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Our Failed Drug War: U.S. Official Says Drug Traffic Will Return to Caribbean, But Does Not Acknowledge Policy Failures

 
 
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 As American drug warriors increase the heat on Mexico and Central America, traffickers are not giving up.  Rather, they are becoming more sophisticated and looking for alternatives where the U.S. creates complications. More problematic than traffickers doing what they have been doing for years - matching anti trafficking initiatives with innovation --  is that the United States continues to ignore failures of the drug war.  

According to the Associated Press:

A top U.S. State Department official said Tuesday that drug traffickers may return to old Caribbean smuggling routes as law enforcement pressure builds against them in Mexico and Central America.

William Brownfield, assistant secretary of state for international narcotics and law enforcement, said the Caribbean routes used to ship cocaine and other drugs in the 1970s and 1980s are the most logical for traffickers.

"I do not see it right now, but simple logic and common sense tells you that you probably are going to see it in the next two or three years," Brownfield said in an interview. "They are going to look for alternative routes."

The real issue here is not that traffickers are logical enough to develop alternative routes, but that U.S. officials are not logical enough to shift their strategies. And by shift, I do not mean focusing on the Caribbean instead of Mexico, but cutting demand by utilizing a rational, scientific approach to the war on drugs and treating addicts here.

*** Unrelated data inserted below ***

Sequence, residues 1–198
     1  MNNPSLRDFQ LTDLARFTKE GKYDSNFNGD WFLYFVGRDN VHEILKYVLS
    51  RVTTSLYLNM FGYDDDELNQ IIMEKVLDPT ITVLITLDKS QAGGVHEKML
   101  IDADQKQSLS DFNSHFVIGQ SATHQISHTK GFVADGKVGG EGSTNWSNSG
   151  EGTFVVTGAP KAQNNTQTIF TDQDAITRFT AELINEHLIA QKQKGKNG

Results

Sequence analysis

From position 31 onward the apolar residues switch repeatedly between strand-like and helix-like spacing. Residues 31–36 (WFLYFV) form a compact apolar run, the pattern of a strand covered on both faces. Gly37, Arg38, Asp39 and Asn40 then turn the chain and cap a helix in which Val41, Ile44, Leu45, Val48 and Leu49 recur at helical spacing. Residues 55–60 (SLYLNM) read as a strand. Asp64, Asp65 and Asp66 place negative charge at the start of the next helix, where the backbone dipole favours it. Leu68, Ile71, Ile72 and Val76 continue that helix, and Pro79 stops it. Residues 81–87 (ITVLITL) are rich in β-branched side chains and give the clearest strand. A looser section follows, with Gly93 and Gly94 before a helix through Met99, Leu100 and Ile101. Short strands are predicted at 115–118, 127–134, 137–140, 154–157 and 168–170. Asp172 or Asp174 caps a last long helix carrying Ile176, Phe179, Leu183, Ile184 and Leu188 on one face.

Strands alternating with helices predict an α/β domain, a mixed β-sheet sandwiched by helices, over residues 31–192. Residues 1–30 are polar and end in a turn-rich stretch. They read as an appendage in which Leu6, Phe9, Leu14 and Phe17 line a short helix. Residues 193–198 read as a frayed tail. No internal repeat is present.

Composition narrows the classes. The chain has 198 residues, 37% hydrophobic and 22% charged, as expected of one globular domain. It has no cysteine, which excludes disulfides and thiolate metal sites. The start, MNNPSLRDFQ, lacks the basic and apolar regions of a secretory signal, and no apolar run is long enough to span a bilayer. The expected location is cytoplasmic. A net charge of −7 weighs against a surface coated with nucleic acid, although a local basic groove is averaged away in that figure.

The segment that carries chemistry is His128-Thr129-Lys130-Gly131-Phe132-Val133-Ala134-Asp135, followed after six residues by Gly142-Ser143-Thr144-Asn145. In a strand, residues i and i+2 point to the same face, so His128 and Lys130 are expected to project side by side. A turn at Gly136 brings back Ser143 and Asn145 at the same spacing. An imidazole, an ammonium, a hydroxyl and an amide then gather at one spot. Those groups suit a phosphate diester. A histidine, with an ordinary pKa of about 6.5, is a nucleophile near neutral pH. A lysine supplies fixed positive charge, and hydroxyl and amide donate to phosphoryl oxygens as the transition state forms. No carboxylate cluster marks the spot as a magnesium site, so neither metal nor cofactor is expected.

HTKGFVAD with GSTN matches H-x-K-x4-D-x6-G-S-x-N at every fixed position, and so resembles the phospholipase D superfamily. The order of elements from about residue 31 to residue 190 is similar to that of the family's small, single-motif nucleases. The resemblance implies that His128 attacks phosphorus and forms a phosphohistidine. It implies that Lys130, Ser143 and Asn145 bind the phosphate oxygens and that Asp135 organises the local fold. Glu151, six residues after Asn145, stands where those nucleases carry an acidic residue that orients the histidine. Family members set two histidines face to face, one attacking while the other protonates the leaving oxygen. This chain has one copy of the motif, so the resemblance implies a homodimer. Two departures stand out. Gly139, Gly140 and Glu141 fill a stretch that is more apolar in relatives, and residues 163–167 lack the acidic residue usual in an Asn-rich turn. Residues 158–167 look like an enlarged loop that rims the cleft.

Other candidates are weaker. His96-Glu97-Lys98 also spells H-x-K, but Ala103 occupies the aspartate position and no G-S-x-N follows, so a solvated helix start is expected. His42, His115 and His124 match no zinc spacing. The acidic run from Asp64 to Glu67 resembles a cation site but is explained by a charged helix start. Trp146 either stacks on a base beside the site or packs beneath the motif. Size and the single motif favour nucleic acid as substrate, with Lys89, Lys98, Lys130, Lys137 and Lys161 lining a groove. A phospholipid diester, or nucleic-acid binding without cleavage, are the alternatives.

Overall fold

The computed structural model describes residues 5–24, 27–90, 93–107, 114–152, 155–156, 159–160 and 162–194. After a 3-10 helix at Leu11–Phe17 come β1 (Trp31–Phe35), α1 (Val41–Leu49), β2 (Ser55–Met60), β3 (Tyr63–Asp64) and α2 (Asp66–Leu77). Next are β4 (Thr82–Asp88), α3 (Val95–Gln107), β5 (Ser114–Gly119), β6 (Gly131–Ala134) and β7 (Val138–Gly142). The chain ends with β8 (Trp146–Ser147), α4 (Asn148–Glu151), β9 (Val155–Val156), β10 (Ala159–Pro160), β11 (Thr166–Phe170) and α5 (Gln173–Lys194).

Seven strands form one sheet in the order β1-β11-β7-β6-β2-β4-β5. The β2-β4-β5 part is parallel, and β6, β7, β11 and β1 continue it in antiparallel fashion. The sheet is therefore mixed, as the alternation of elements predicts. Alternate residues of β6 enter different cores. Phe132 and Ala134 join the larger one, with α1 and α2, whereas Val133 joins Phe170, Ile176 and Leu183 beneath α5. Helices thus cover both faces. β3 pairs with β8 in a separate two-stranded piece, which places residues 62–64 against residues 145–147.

Brown, who was meeting this week with U.S. ambassadors in Latin America and their counterparts at the State Department in Washington, acknowledged the need to develop a multi-pronged approach, but his vision is narrow-minded.

"You cannot just do eradication, just do interdiction, just to laboratory takedowns ... You must address all aspects of the problem, and we cannot do it alone," said Brownfield. 

But traffickers do not just travel hundreds of miles to dump drugs in the United States. They follow a demand. Attacking the supply without acknowledging the forces that contribute to demand - our flawed justice and education systems, poverty, and addiction, to name a few -- is a backwards policy with unsurprisingly low results. And yet, the government continues to deny reason, and its own data, by enforcing an inefficient drug policy while a sensible one is in plain view. 

AlterNet / By Kristen Gwynne

Posted at November 8, 2011, 2:17pm